Let Your Home Love the Skin It’s In!
Put down that can of white paint—that limestone is already the perfect color! Bedford limestone, which is responsible for so many of our building foundations and decorative details in Chicago, came right out of the quarry with that handsome gray tint! Limestone comes in a variety of colors, and our local stone from the 1910s and 1920s is its own unique color, hailing from Bedford, Indiana.
You won’t want to paint your historic brick either! Painting over any vintage masonry causes unnecessary harm to your home.
If you’re considering painting your bare limestone because it looks a little dirty from pollution stains, you can clean it with a limestone cleaner. Most masonry restoration experts recommend products made by PROSOCO. As a general rule, always start with the “weakest” product first because there is always some chance that you will damage the stone surface. Begin with a test area using PROSOCO Limestone Restorer, and if that doesn’t quite cut it, move up to PROSOCO Heavy Duty Restoration Cleaner, and finally, PROSOCO Heavy Duty Restoration Cleaner - NE.
Got biological growth on that limestone? Try PROSOCO ReVive first, but keep in mind that it will take a few days after cleaning for the entire bio stain to disappear. If the stain is a combination of biological growth and carbon pollution, then try the PROSOCO 766 Limestone & Masonry Prewash with 766 Limestone & Masonry Afterwash option. Always follow the manufacturer’s instructions carefully.
Henry Frerk Sons, at 3135 W Belmont Ave, has free samples of PROSOCO products in stock and can provide data sheets upon request.
Why It’s Harmful to Paint Your Masonry
It’s not recommended to paint masonry because the paint will act as a water barrier and trap moisture into the stone. Limestone and historic brick made through the first few decades of the 20th century are very porous materials that love to absorb both paint and any chemical strippers that may be applied. While it’s tempting to think that the paint will protect the stone and keep water out, the reality is that water will always find a way into your wall and require a way to escape. Paint will trap moisture, leading to bubbling and peeling of paint, dampness, and often, the eventual deterioration of the stone or brick itself.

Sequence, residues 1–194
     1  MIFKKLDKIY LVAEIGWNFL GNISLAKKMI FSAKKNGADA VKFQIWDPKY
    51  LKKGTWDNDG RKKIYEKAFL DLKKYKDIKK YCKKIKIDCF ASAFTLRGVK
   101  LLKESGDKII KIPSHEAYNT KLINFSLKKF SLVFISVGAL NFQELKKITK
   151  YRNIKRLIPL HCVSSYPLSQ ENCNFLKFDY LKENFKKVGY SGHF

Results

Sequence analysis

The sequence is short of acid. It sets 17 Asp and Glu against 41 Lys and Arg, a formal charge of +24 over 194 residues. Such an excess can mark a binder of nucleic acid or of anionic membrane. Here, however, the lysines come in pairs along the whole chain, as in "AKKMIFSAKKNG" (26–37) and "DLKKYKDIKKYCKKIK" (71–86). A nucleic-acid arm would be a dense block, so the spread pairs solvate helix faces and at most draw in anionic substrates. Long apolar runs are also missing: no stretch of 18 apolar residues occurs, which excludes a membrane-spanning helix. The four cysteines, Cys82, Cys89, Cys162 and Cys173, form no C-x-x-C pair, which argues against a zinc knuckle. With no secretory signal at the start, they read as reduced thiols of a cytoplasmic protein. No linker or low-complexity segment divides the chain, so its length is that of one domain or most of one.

How to Remove Paint from Your Limestone or Vintage Brick
Use the gentlest means possible when removing paint.
Use a natural bristle brush (never wire!) to apply chemicals.
Conduct a sample test of a proposed cleaning method in an inconspicuous location on the building first.
Use an alkaline paint remover. Examples are ammonia, potassium hydroxide, or trisodium phosphate. Organic solvent paint remover can also be used (methylene chloride). A few product suggestions:
Let the chemical rest on the surface for the time recommended by the product manufacturer.
Do a thorough, low pressure, water wash of the stone when it is time to remove the chemical treatment (see product manufacturer specifications).
Take appropriate precautions to ensure that you are using the product safely. Both acidic and alkaline cleaners can be dangerous to those using them, and there are additional environmental concerns associated with the use of chemical cleaners. Be sure to follow directions and dispose of chemicals responsibly.
Sandblast! This is extremely harmful to the stone and while it will remove paint quickly, it will also remove some of the stone itself and leave it much more susceptible to future erosion.
Use metal brushes as they can damage the surface of the stone and cause it to be more vulnerable to deterioration.
Use acidic cleaners—they will deteriorate the limestone, which is an acid-sensitive stone.
Do any chemical cleaning or saturating of brick or limestone in the colder months. Cleaning should never be done below 40° F, and generally not below 50° F. Most chemical cleaning processes force water into the walls, which can freeze in colder temperatures causing permanent damage to brick and stone.
Use any masonry (brick or limestone) sealers. They are rarely necessary for historic buildings and may cause permanent damage and discoloration of your stone.
Phil & Morgan Bergren were recognized in the 2015 Richard H. Driehaus Foundation Bungalow Awards for removing paint from their fireplace.
Worried about lead paint?
Lead was commonly found in paints before the federal government banned consumer uses of lead-containing paint in 1978. If you believe your brick or limestone may have been painted around or before that time, please take precautions when removing it to avoid any health hazards.
Preferred paint removal techniques:
Finish sanding with mechanical sanders with HEPA vacuum ventilation
Low-heat paint stripping
Chemical stripping (except methylene chloride)
Off-site stripping with heat or chemicals
Use set-up, work, and clean-up procedures designed to protect occupants and workers
Lay plastic sheeting on the floor of the work area
Cover openings to prevent dust from leaving the work area
Wear recommended personal safety equipment
Use open flame or high-heat removal
Use dry-sanding or abrasive removal
Use hazardous strippers in unventilated areas
Chicago bungalows are known for their fantastic brick and masonry, so let’s celebrate it!